### Description

How would you explain this methodology and could you identify the independent, dependent, control variables, how would you defend the validity and reliability of the variables, and what is the testable hypothesized relationship between the independent and dependent variable?

Data and Dependent Variable

We collected data for 145 countries over the time period 1970-2000.16 The data are structured in terms of country-year observations and, after dropping 72 such cases for which we do not have any information on the migration data (discussed below), our sample comprises 3,919 country-years.17 For the dependent variable, we rely on the information in the Global Terrorism Database (GTD) that defines terrorism as “the premeditated use or threat to use violence by individuals or subnational groups against noncombatants in order to obtain a political or social objective through the intimidation of a large audience beyond that of the immediate victims” (Enders, Sandler and Gaibulloev, 2011, p.321). This data set provides a count variable on the number of terrorist attacks – both national and transnational – that occurred within a country’s geographic boundaries.18 We use a modified version of the count variable of terrorist attacks: due to the skewed distribution of the number of terrorist attacks in a country, which is primarily driven by the large number of zeros in the data, and since our estimators require a (quasi-) continuous dependent variable, we take the natural logarithm of the count after adding the value of 1 (to avoid calculating the log of 0.

Methodology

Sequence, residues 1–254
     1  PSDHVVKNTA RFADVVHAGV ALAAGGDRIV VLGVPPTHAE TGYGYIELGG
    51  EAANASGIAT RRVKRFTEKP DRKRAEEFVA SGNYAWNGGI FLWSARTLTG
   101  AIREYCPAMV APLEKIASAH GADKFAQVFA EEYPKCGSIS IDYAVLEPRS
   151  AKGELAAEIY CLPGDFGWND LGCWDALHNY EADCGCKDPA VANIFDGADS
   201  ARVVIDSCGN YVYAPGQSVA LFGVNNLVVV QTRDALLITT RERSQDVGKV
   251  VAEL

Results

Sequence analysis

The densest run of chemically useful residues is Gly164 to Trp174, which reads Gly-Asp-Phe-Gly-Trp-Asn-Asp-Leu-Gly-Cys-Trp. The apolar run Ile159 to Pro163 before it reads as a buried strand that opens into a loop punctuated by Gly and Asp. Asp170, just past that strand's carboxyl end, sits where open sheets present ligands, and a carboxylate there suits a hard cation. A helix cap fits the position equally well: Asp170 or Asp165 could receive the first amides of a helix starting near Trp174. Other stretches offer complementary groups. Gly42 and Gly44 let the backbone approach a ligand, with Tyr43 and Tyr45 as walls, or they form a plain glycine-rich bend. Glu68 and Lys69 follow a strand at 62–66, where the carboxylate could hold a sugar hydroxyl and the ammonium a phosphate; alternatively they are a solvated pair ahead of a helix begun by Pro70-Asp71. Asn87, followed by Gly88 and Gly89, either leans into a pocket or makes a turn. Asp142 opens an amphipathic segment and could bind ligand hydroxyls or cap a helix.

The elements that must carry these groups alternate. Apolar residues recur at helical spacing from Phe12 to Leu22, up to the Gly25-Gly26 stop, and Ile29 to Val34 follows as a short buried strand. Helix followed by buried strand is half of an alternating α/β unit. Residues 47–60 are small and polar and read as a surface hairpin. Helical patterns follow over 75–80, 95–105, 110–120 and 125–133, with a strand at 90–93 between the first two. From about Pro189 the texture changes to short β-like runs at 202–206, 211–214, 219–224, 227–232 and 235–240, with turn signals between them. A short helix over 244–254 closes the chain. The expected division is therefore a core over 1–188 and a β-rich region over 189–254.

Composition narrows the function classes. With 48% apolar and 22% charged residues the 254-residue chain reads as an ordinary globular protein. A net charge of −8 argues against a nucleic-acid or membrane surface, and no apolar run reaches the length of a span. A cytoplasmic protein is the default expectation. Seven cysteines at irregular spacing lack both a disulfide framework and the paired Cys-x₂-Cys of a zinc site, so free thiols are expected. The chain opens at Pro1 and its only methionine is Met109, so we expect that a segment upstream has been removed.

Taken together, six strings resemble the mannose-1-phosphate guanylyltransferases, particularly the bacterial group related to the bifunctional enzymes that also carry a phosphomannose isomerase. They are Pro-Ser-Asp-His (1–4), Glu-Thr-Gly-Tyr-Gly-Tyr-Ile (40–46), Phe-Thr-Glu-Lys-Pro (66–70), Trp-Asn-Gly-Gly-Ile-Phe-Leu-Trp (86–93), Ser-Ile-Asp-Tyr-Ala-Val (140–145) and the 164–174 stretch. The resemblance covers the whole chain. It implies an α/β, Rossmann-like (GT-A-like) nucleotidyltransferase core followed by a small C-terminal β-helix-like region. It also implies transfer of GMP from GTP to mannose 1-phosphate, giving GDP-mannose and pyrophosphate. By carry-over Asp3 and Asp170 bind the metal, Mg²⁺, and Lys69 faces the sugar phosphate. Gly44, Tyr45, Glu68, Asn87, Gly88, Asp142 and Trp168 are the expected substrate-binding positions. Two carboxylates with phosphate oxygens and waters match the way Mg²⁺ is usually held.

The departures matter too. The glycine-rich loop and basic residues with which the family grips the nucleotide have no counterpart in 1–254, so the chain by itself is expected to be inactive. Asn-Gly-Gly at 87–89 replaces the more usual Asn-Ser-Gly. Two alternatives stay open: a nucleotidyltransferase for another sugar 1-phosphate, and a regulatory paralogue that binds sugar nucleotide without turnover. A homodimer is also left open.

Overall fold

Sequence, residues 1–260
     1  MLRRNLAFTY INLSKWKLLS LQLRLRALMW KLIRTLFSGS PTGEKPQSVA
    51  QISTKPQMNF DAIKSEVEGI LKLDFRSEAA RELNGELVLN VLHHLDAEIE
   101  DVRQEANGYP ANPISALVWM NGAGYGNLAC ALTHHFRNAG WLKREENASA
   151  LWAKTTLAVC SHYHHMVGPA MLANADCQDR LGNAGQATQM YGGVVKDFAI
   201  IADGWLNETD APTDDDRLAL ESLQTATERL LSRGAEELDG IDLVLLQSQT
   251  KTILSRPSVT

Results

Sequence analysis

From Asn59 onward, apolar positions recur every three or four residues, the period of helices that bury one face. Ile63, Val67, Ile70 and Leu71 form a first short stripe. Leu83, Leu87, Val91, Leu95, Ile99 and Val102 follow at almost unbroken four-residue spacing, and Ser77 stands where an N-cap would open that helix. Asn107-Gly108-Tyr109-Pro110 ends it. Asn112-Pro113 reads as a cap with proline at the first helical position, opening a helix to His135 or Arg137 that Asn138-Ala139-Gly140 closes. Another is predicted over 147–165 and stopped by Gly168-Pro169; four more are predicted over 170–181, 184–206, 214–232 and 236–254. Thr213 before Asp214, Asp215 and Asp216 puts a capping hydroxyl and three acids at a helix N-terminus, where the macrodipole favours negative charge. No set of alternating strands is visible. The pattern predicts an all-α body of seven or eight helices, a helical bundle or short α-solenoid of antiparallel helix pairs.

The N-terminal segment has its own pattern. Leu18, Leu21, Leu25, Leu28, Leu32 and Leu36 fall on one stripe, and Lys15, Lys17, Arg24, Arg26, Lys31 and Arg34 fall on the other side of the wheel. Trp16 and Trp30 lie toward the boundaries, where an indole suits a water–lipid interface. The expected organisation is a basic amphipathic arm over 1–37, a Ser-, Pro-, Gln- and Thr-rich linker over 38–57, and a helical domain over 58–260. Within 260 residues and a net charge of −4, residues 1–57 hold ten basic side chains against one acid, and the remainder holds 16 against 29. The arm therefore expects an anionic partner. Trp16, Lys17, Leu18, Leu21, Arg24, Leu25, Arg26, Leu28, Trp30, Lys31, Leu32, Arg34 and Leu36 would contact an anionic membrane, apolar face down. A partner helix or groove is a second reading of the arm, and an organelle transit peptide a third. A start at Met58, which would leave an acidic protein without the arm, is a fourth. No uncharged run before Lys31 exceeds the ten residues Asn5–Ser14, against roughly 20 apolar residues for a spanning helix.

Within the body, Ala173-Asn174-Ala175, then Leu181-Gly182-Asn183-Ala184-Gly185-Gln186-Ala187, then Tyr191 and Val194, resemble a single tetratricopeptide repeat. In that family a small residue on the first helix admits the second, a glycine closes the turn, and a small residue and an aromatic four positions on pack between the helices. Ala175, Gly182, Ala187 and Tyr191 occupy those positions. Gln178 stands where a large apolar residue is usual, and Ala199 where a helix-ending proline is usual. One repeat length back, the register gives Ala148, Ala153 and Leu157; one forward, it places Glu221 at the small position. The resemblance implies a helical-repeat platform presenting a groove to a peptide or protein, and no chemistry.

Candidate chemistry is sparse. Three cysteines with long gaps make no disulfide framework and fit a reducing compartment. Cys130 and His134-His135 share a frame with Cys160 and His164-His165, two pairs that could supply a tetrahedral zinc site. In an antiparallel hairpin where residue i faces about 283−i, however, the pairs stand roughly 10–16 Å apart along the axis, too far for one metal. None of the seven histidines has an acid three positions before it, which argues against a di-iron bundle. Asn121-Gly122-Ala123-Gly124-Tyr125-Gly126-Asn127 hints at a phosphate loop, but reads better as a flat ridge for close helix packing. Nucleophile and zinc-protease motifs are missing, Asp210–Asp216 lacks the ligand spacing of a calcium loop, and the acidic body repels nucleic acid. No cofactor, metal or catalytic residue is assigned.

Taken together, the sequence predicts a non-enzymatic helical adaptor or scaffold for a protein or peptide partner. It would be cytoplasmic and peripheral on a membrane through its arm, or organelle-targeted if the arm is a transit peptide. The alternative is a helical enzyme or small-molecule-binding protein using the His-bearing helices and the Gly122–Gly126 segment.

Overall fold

Estimating the parameters for a series of spatial temporal autoregressive models, or “spatial lag models,” is appropriate, given the theoretical argument that contends that a country’s level of terrorist attacks may be affected by other countries’ terrorism and that immigrants may be the vehicle for this diffusion process (e.g., Franzese and Hays, 2007, 2008). For capturing terrorism traveling across countries via migrant inflows, a state’s degree of terrorism at time t is modeled as a function of foreign countries’ terrorism at t-1. A weighting matrix specifies the set of such states and which “linkages” between them are important. Using a weighting matrix, we can model country linkages as conditional on whether migrant inflows do exist and by how much. More formally, our spatial lag models are defined as, yt = φyt−1 + βXt−1 + ρWyt−1 + , where yt is the dependent variable (i.e., the logged number of terrorist attacks at time t), yt−1 signifies the (one year) temporally lagged dependent variable, Xt−1 is a matrix of temporally lagged explanatory variables that we define below, and is the error term. Wyt−1 stands for the product of a row-standardized connectivity matrix (W) and the temporally lagged dependent variable (yt−1), i.e., Wyt−1 is a spatial lag and ρ the corresponding coefficient. In time-series cross-sectional analysis, the connectivity matrix W is given by a NTxNT matrix (with T NxN sub-matrices along the block diagonal) with an element wi,j capturing the relative connectivity of country j to country i (and with wi,i=0). Some define the spatial lag using the temporally lagged values of the dependent variable for methodological reasons: under certain assumptions, it justifies the use of spatial ordinary least squares (S-OLS), which is less computationally intensive than maximum likelihood methods (e.g., Ward and Gleditsch, 2008). Here, our rationale is that it takes time that there is a potential and tangible impact on terrorism via diffusion.20 Hence, we use the lagged value of yt when constructing the spatial lags. Several estimators have been proposed for time-series cross-section spatial lag models (e.g., Elhorst, 2003; Beck, Gleditsch and Beardsley, 2006; Franzese and Hays, 2007), such as S-OLS or spatial maximum likelihood (S-ML). We employ S-ML regression models, but our findings are robust to using S-OLS.21 In order to rule out the possibility of common exposure – when, e.g., some country-specific features such as regime type tend to be spatially clustered or when spatial patterns can be produced by common trends or exogenous shocks – we control for a number of relevant “exogenous-external conditions or common shocks and spatially correlated unit level factors” (Franzese and Hays, 2007, p.142). In line with Franzese and Hays (2007, 2008), we thus include a temporally lagged dependent variable that captures a country’s level of terrorism in the previous year, country fixed effects, and year fixed effects. The longitudinal nature of our data allows us to consider the role of countries’ past terrorism for their current terrorist attacks.22 While this also captures time dependencies more generally, year fixed effects control for temporal shocks that are common for all states in a given year. The temporally lagged dependent variable, country fixed effects, year fixed effects, and the set of control variables (described below) make it credible that terrorism diffusion “cannot be dismissed as a mere product of a clustering in similar [state] characteristics” (Buhaug and Gleditsch, 2008, p.230). Pl¨umper and Neumayer (2010, p.427) argue the same.

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